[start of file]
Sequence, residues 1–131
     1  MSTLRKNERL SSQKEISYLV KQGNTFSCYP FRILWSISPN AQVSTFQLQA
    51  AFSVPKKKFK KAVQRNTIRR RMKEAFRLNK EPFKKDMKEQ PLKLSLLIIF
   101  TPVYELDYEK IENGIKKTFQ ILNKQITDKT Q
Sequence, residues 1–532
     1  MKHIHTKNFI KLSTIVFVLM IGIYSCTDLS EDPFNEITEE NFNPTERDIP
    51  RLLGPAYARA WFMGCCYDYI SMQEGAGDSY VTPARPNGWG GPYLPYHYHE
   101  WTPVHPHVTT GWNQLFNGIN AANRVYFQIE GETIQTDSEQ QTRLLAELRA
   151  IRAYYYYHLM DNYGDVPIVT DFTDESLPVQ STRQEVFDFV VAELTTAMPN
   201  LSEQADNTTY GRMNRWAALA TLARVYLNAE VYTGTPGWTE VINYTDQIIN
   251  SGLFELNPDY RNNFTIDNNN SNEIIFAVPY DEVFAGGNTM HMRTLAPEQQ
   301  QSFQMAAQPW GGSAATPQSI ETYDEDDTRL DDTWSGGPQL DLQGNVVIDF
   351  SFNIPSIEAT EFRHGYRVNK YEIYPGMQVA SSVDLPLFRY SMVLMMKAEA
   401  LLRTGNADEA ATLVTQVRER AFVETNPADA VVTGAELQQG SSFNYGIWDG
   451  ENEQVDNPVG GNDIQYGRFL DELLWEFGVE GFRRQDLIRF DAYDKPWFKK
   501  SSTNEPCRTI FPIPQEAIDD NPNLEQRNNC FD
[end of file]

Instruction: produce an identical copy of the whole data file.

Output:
Sequence, residues 1–131
     1  MSTLRKNERL SSQKEISYLV KQGNTFSCYP FRILWSISPN AQVSTFQLQA
    51  AFSVPKKKFK KAVQRNTIRR RMKEAFRLNK EPFKKDMKEQ PLKLSLLIIF
   101  TPVYELDYEK IENGIKKTFQ ILNKQITDKT Q
Sequence, residues 1–532
     1  MKHIHTKNFI KLSTIVFVLM IGIYSCTDLS EDPFNEITEE NFNPTERDIP
    51  RLLGPAYARA WFMGCCYDYI SMQEGAGDSY VTPARPNGWG GPYLPYHYHE
   101  WTPVHPHVTT GWNQLFNGIN AANRVYFQIE GETIQTDSEQ QTRLLAELRA
   151  IRAYYYYHLM DNYGDVPIVT DFTDESLPVQ STRQEVFDFV VAELTTAMPN
   201  LSEQADNTTY GRMNRWAALA TLARVYLNAE VYTGTPGWTE VINYTDQIIN
   251  SGLFELNPDY RNNFTIDNNN SNEIIFAVPY DEVFAGGNTM HMRTLAPEQQ
   301  QSFQMAAQPW GGSAATPQSI ETYDEDDTRL DDTWSGGPQL DLQGNVVIDF
   351  SFNIPSIEAT EFRHGYRVNK YEIYPGMQVA SSVDLPLFRY SMVLMMKAEA
   401  LLRTGNADEA ATLVTQVRER AFVETNPADA VVTGAELQQG SSFNYGIWDG
   451  ENEQVDNPVG GNDIQYGRFL DELLWEFGVE GFRRQDLIRF DAYDKPWFKK
   501  SSTNEPCRTI FPIPQEAIDD NPNLEQRNNC FD